If you are looking for a happy ending, this emotive, cinematic classic film might not be for you.
The Curious Case Of Benjamin Button (2008)
Based on a 1922 short story by F. Scott Fitzgerald, this David Fincher film tells the story of Benjamin Button (Brad Pitt), a baby born with the appearance and physical complaints of an elderly man.
After the death of his mother to the birth, and the abandonment by his father, Benjamin is raised by nursing home caretaker Queenie (Taraji P. Henson), and cook Mr. Weathers (Mahershala Ali), at first blending in with the elderly patrons, before his decreasing physical appearance made him able to leave to adventure on his own.
The film then follows his various adventures, including his job as a merchant sailor, his wartime naval service during World War Two, and his exploration of the world, all the while seeing his life intertwined with a woman named Daisy, who both met as children and remained in close contact to the end despite their unsynced physical aging.
Angel Heart (1987)
Starring Mickey Rourke, Robert DeNiro, and Lisa Bonet, this neo-noir psychological thriller by director Alan Parker tells the story of New York private detective Harry Angel, as he travels to New Orleans to locate a man known as Johnny Favorite.
Based on the 1978 novel “Falling Angel” by William Hjortsberg, the story sees Angel stumble upon a series of brutal murders, as he delves into the life of Favorite, a mentally troubled WW2 veteran turned crooner, who, it seems sold his soul to the Devil in return for fame and fortune.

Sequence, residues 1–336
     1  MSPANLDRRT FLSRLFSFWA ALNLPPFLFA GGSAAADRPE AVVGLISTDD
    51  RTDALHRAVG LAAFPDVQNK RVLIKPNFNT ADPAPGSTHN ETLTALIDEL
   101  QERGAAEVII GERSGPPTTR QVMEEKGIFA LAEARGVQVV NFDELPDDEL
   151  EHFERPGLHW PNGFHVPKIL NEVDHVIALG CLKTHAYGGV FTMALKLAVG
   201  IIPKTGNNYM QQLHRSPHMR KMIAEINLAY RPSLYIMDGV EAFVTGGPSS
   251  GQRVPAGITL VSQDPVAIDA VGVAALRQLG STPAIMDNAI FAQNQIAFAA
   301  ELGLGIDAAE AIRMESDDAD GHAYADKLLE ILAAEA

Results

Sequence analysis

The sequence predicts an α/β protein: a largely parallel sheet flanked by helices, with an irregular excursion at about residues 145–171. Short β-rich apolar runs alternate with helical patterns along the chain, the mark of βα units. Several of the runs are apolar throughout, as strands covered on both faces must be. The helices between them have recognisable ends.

DeNiro plays the titular Devil, named “Louis Cyphre” (a homophone of Lucifer), who delivers his own share of shocking revelations as Angel uncovers the truth about Johnny Favorite, and the trail of bodies that seem to follow his name around the city.
The Cincinnati Kid (1965)
This Steve McQueen classic, directed by Norman Jewison, and based on the Richard Jessup novel of the same name, sees McQueen play Eric “The Kid” Stoner, an up and coming New Orleans poker player in the 1930s.
Hearing of a game being set up by legendary poker master Lancey Howard (Edward G. Robinson), Stoner seeks to enter, hoping to beat Howard and become the main man himself.
Showing the gritty world of card playing in the 1930s, The Cincinnati Kid takes us through betrayals, cheating, seductions, violence, and loss, all within the confines of New Orleans, which almost feels like a supporting character in and of itself.
As can be seen from this list, New Orleans has developed a specific narrative persona based firmly in the strange, the supernatural, the troubled, and the mysterious.
From aristocratic vampires, to troubled private detectives, to lovable outsiders, and power-hungry poker players, New Orleans has continued to inspire and inflame the imaginations, and will undoubtedly continue to do so for many more years to come.
If you enjoyed this article, you might enjoy our post on ‘Movies Filmed In Cincinnati‘.